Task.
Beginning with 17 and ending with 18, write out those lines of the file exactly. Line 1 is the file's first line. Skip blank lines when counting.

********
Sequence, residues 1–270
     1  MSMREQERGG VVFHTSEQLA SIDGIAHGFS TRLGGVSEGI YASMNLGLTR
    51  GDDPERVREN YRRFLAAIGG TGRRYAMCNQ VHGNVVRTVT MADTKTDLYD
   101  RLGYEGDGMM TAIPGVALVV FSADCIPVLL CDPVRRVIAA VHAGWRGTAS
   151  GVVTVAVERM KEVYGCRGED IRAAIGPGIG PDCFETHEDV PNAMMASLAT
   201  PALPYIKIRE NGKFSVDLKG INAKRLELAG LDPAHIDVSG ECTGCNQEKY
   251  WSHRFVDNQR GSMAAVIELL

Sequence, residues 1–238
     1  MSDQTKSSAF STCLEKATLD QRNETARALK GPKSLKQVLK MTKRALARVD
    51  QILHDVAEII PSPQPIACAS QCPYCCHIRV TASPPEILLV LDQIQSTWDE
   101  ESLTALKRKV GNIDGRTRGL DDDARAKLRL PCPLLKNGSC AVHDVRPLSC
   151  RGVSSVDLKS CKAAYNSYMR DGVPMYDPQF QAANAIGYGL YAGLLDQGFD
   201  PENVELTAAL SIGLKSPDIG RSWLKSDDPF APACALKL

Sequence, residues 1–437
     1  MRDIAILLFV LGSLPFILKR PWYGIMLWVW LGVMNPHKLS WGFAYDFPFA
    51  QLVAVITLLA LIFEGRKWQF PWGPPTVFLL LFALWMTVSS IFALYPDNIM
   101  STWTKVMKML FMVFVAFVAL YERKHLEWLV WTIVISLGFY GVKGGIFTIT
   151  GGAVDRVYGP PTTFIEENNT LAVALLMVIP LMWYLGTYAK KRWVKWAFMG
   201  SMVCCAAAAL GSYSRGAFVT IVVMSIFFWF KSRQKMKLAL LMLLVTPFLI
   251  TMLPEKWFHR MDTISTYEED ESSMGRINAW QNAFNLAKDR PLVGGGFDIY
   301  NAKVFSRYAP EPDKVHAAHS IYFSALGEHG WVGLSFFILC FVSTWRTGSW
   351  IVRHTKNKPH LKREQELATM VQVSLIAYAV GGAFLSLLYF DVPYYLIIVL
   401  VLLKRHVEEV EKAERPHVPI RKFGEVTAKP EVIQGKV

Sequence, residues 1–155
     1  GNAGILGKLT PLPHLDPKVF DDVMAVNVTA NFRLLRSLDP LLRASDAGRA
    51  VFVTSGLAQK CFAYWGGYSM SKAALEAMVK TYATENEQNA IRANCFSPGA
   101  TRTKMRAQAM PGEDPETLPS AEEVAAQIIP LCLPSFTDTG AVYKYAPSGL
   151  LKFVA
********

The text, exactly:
   101  STWTKVMKML FMVFVAFVAL YERKHLEWLV WTIVISLGFY GVKGGIFTIT
   151  GGAVDRVYGP PTTFIEENNT LAVALLMVIP LMWYLGTYAK KRWVKWAFMG